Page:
This year I’ve ventured into the Pyrenees to where the clouds trawl the ground. I worked my body, hiking, freed my mind and created space for myself out of all that mountainous space. I’ve craved simplicity. Driving back up through the Dordogne, we visited prehistoric caves — Gargas, ‘the cave of hands’ and Cap Blanc, a frieze of reindeer, horses and bison carved into a cliff of limestone. It’s a while since I’ve thought about caves and cave art, but making the visits rekindled my interest. Cap Blanc was so well set up I felt as though I was witnessing a performance from the past. At Gargas, I tried to take photos, but was caught; I pretended I hadn’t understood.
The caves were moving, so long ago….
I’ve been interested in cave and rock painting for as long as I can remember, it’s one of the things that has influenced my painting. I like mysteries. I started sketching outlines, figures with no faces. My ‘buddess’ paintings evolved. They’re not ‘good’ art, but somehow they represent something very primal and important to me. I like to think of them as ‘embryos’, art in an unfinished form like the messages of cave paintings locked in stone forever.
One reason I like cave art is that it’s part of nature. Ana Mendieta must have felt a compulsion to create in nature (see her ‘Silueta series’ and the photo below.) Her work inspires me, body prints and outlines of figures in mud, sand etc. Footprints, traces, clues, the essence of something or someone left behind, a fleeting glimpse that cannot be grasped fully. And so the mystery lingers.
(I have a similar feeling when tracking animals — paw prints, broken branches, hairs caught on barbed wire, rucked up fresh soil, a scuffling of feathers. What does it say? Someone, something was here.)
I woke up this morning thinking about Morphos, those big iridescent butterflies I’ve seen in Costa Rica and Ecuador. Knowing little about them, I did a search and learnt a few facts eg the males patrol stream and forest edges for females and they eat rotting fruit and animal remains, sucking up the juices with their coiled mouthparts. I found the facts quite refreshing and got stuck into reading about British butterflies as well – such as Purple Emperors that drink aphid honeydew up in the tree tops laying their eggs on Goat willow.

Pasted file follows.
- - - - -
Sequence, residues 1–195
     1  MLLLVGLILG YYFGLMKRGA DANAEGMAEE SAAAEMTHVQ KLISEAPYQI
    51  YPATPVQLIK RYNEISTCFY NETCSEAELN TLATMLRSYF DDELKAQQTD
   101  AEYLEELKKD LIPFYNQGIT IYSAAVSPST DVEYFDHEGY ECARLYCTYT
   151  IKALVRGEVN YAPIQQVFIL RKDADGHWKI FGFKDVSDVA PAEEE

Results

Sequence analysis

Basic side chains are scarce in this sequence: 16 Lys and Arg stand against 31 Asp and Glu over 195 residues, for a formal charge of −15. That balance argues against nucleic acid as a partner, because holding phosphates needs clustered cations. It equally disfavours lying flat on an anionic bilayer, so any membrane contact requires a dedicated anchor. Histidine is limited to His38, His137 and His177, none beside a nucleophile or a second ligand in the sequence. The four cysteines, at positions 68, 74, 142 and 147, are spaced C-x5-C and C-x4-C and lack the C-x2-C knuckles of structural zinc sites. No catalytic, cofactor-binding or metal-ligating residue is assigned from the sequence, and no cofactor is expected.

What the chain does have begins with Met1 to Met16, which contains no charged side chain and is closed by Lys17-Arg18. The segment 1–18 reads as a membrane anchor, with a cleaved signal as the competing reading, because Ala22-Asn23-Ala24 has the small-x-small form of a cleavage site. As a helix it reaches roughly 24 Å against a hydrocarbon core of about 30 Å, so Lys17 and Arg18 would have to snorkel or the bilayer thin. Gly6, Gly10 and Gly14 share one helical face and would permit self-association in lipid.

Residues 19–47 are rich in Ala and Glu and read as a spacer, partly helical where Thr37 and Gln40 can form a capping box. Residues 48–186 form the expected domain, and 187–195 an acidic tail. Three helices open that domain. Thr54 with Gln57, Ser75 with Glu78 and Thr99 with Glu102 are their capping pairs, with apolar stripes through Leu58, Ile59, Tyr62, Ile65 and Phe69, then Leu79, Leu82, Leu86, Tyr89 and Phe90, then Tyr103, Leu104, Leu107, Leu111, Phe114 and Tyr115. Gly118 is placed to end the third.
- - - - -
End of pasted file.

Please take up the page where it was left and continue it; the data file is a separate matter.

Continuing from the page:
As far as nature is concerned, I’ve been out trying to enjoy it and take photographs for a dance project rather than study it. I’ve been inspired by several books that I’ve stumbled on, one of which is David Abram’s ‘The Spell of the Sensuous’.
I discovered what I think is a beautiful excerpt from David’s book while doing a web search. It’s a description of a vision he had while in Bali and it made me want to read the whole book.
David Abram is a notable writer on ecophilosophy and basically the book is about how phonetic language and the written word in the West have helped to sever our relationship with the natural world. He writes beautifully and magically delving into subjects such as ‘Phenomenology’ which I hadn’t come across before. He draws on early Greek script and his and others’ experiences with indigenous, animistic cultures using their stories and language to illustrate how they are still interconnected with the natural world and how severed we in the west are. He suggests that we can rediscover a connection with nature by changing the way we write and use language. Abrams writes in such a way as to reach us on a level below our conscious, rational intellect where we can begin to perceive the natural, non-human world more directly. This is a book well worth reading and rereading.
Here is a photo taken inside a butterfly farm: